Charting The T-Shirt's History Of Protest

PHOTO: GIOVANNI GIANNONI/WWD/REX/SHUTTERSTOCK
Maria Grazia Chiuri's September 2016 Dior collection didn't just signal her debut at the storied French fashion house — it launched the now-ubiquitous T-shirt heard 'round the world. Printed with the phrase 'We should all be feminists,' a quote taken from Chimamanda Ngozi Adichie's Beyoncé-sampled TED talk, the sentiment hit a nerve with those both in and outside the fashion industry. And though the garment itself was a bit divisive — 1) coming from an elitist world that propels questionable representations of women; and 2) being a product made for profit (Dior later announced proceeds would go towards Rihanna's non-profit, The Clara Lionel Foundation) — it reinvigorated conversations about fashion's role in protest, and vice versa.
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A new exhibition at London's Fashion and Textile Museum explores this relationship, charting the T-shirt's evolution from conception, through Vivienne Westwood's outspoken slogans, to the feminist messages we see today. With over 200 iconic archival pieces on display, T-Shirt: Cult Culture Subversion, which opens February 9, shows how writing a message on a tee can bring about social change or cause shifts in culture.
Although it's one of the earliest 'fashioned' garments in history, the word 'T-shirt' was only coined in the 1920 F. Scott Fitzgerald novel This Side of Paradise. (It was added to Merriam-Webster’s dictionary the very same year.) In the '50s, movie stars like Marlon Brando in A Streetcar Named Desire and James Dean in Rebel Without a Cause popularized the piece, and helped shift its reputation as underwear to outerwear
Photo: Vivienne backstage protesting by Marta Lamovsek
Fast-forward to the '60s and, thanks to the invention of the multicolor screen printing machine, T-shirts became cheaper and easier to produce. Because of the change in accessibility, the tee became a signifier of your cultural associations: From the tie-dye-wearing Woodstock hippies to the rock 'n' roll fans who wore the now-iconic tongue and lips tee created by John Pasche for The Rolling Stones, the garment was no longer just functional — but a way to make a statement.
Of course, those statements weren't just related to pop culture, but politics, too. Designer Katharine Hamnett has been making slogan T-shirts since the '80s, when she infamously greeted Margaret Thatcher during London Fashion Week wearing her "58% don't want Pershing" tee, to let the then-prime minister know how the majority of the UK felt about the relocation of US missiles to UK soil.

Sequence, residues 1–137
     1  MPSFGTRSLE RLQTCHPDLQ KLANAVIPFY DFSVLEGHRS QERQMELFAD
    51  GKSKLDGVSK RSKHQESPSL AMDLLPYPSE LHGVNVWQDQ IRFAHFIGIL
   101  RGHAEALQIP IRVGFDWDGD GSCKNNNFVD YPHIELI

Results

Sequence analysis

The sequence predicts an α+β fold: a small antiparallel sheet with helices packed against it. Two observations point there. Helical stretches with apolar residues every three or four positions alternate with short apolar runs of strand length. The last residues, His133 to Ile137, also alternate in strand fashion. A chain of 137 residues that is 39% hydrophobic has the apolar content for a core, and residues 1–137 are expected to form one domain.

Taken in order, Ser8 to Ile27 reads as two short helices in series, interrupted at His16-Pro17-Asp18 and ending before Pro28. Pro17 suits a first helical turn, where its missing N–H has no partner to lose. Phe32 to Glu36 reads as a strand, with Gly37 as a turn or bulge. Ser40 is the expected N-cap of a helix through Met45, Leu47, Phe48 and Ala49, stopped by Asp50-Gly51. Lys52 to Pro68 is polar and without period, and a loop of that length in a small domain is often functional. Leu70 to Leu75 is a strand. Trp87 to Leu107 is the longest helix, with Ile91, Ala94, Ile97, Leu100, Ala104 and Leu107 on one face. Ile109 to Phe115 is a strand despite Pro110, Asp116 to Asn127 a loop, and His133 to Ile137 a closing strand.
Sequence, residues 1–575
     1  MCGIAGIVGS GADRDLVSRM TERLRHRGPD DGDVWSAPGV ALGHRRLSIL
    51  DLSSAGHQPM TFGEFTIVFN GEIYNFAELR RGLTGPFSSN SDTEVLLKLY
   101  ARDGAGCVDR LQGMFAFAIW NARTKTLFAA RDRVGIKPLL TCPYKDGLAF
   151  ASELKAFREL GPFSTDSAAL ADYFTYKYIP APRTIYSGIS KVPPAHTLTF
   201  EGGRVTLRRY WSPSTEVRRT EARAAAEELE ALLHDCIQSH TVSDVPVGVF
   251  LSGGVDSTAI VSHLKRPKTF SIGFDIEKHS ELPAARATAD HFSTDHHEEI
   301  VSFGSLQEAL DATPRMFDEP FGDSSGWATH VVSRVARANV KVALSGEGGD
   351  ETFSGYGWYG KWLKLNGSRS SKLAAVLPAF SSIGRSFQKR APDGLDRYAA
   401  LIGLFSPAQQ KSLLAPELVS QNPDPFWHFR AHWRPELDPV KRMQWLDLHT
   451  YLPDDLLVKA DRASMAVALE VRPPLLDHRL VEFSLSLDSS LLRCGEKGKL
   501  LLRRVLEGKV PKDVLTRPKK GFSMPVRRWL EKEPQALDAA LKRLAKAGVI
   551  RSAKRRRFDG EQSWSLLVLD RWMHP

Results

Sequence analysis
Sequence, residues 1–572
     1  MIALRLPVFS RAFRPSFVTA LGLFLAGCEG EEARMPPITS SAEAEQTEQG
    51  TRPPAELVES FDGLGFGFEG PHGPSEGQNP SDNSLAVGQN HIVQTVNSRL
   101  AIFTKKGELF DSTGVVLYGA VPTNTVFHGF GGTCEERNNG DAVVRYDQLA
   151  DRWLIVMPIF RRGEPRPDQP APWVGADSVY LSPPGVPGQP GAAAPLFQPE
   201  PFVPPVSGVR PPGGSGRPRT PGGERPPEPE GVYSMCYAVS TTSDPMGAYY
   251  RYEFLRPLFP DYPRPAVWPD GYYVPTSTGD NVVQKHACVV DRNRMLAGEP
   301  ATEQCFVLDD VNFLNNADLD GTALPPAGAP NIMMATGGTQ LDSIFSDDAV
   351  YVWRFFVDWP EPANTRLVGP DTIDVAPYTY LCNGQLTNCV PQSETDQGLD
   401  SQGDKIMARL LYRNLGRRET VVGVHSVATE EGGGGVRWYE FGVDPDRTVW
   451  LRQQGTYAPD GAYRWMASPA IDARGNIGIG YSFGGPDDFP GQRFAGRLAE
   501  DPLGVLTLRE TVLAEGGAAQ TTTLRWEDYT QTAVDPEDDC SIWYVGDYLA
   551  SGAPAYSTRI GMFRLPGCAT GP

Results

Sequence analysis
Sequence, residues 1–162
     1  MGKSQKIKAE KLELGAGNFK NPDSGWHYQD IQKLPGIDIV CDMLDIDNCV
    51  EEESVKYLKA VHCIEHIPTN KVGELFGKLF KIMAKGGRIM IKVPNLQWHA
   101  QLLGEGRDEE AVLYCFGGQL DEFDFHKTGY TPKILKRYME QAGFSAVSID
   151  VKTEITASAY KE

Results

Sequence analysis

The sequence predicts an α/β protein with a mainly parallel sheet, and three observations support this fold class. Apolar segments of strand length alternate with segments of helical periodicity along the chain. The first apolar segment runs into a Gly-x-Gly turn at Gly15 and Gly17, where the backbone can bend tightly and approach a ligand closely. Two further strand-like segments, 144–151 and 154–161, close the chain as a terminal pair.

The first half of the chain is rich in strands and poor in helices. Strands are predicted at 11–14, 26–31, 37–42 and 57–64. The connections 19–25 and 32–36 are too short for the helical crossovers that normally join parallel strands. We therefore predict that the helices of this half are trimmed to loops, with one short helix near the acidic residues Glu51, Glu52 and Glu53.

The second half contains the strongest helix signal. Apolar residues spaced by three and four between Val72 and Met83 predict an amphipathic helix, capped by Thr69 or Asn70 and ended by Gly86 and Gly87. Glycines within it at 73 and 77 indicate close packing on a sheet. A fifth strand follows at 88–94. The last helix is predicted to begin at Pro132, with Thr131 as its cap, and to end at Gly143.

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Photo: Press Association - Thatcher Meets Hamnett
"It was huge, I had no idea it was going to become so iconic," Hamnett tells Refinery29 of the moment. "The power of the slogan T-shirt is that it's on your body, so it becomes a part of you. There's no filter." But despite the fact that the encounter became one of the most memorable political protests in modern history, Hamnett discourages us from thinking that it starts — and ends — with a worn slogan. "While these T-shirts are always relevant, whether it's anti-nuclear or anti-pollution, it's not going to save the world. You need to get out there. Jeremy Corbyn said, 'The only thing that changes a politician's behavior is something that threatens their ability to get re-elected.'"
She still, however, has some faith in the statement T-shirt — her most recent creation, which reads 'second referendum now,' centers on the Brexit vote. Because even if fashion labels themselves can't veer too close to the political, or don't get it right, as many don't (with the exception of Vivienne Westwood and Stella McCartney, she notes), clothes created outside the industry are often able to influence the decisions made within it. (Think: PETA's '90s anti-fur T-shirts, or last summer, when Frank Ocean wore a design by 18-year-old Kayla Robinson which read, 'Why be racist, sexist, homophobic or transphobic when u could just be quiet?') And that shows the true power of wearing protest on your chest.
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